The result of this is the weird, Austro-Hungarian sense of apocalyptic complacency that runs through his essay. Everything is already so bad it can’t possibly get worse (point two), action is required right now (the conclusion), even though it will probably be ineffective anyway (points three, five, six, and nine). However, nothing really terrible will happen and it will all somehow turn out OK, like last time. Conrad von Hötzendorf, we will remember, managed to achieve his personal war aim of marrying his mistress, and made a fortune from his memoirs.

Lustig’s main argument that it will turn out OK is frankly odd. It is, in essence, that the UK is kind of quaint and silly and pathetic, and nothing we do could therefore have any bad consequences. Point seven reads as follows:

Isn’t there a real risk that the UK would do more harm than good by joining the military campaign? My answer: I doubt it. UK involvement is unlikely to be a game-changer, despite the prime minister’s claim that the UK has “world-leading military capabilities to contribute, which many other countries do not possess.”

That’s it. That’s the only argument he makes against the possibility that something might go wrong: we are apparently so puny nobody will notice. So…why bother?

This doctrine of national ridiculousness is a British speciality. You hear plenty of people who argue that Trident is somehow pathetic or silly, usually about thirty seconds after they assert that its very existence is tantamount to genocide, and that its acquisition explains literally every feature of society they don’t like, from the special relationship with the United States, to the fact more British cities don’t have a metro, to the failure of post-war British industry to deliver a real global hit product (except the ones it did). You never, ever hear this in France. There are French people who believe in unilateral disarmament, but they take the issue with the seriousness it demands. They don’t think it’s silly.

The idea that national power is a bit silly is an excuse. In the case of Trident, it is an excuse for not having convinced the public with the rest of your case even though it is a pretty good one. In the case of Lustig, it is an excuse for the dreadful, dreadful lightness with which he proposes we go to war, yet again, although he actually expects to lose.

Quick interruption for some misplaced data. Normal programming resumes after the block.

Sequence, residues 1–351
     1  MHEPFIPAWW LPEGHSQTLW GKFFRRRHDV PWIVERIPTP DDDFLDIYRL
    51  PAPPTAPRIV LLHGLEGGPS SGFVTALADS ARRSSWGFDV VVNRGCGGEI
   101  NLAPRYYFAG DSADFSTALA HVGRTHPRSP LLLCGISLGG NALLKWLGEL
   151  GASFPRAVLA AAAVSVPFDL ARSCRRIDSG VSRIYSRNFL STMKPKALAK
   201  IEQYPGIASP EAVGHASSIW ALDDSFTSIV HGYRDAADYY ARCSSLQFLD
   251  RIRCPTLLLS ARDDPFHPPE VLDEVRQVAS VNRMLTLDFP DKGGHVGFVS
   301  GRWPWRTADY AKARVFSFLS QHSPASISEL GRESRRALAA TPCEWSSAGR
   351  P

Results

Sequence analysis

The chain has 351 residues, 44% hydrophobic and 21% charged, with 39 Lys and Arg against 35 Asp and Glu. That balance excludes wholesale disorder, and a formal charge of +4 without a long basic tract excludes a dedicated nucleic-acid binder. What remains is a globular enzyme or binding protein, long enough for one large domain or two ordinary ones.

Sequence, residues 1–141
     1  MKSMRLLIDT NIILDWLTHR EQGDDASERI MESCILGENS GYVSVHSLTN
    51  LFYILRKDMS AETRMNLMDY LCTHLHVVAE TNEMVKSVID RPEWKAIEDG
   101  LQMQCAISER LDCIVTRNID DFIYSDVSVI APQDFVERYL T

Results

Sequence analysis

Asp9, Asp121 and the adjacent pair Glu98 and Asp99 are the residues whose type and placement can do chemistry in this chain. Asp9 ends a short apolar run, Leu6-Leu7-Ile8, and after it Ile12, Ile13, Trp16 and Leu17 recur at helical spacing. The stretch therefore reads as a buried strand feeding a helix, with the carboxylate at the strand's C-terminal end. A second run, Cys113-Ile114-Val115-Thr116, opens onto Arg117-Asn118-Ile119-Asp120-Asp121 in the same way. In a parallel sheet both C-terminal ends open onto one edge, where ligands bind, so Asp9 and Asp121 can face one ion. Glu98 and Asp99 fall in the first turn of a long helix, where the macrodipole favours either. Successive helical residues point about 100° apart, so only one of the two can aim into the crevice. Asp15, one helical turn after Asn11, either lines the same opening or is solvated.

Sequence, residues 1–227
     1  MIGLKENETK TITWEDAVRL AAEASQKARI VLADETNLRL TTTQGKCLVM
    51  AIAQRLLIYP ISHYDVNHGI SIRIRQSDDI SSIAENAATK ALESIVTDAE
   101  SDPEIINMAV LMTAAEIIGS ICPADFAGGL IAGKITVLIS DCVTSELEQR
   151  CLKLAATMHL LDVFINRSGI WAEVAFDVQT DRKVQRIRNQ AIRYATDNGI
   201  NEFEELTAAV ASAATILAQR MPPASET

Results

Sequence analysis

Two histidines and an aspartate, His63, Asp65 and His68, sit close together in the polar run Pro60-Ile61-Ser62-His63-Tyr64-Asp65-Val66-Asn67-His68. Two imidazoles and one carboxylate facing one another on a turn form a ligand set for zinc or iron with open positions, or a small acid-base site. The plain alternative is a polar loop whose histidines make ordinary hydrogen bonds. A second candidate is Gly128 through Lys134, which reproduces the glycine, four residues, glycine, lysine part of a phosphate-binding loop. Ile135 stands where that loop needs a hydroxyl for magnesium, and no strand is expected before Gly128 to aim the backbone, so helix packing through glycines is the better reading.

It is traditional to talk at this juncture about cruise missiles, drones, and the dangers of a war without casualties. This, however, is bullshit in the full Harry Frankfurter sense of the term: speech that, unlike lies, has no logical relationship with the truth. There have been plenty of casualties, just nobody the people who trot this stuff out knew. And they, at least, are lastingly, successfully dead. A stable and enduring condition of death has been achieved.

And the message on the gravestones ought apparently to be “It was a limited contribution to an alliance commitment. And you know, we’re only Britain, it’s not like it matters or anything.”

As for the alliance commitment, which is the only positive good Lustig puts forward as a reason for war, the problem here is that we are currently part of an alliance whose membership is changing day by day and which we do not control. Earlier today, the French foreign minister suddenly added Bashir al-Assad and whatever is left of the Syrian Arab Army to the alliance. By extension, therefore, we are suddenly on the side of Russia against Turkey, while also being on Turkey’s side against Russia. Were we consulted?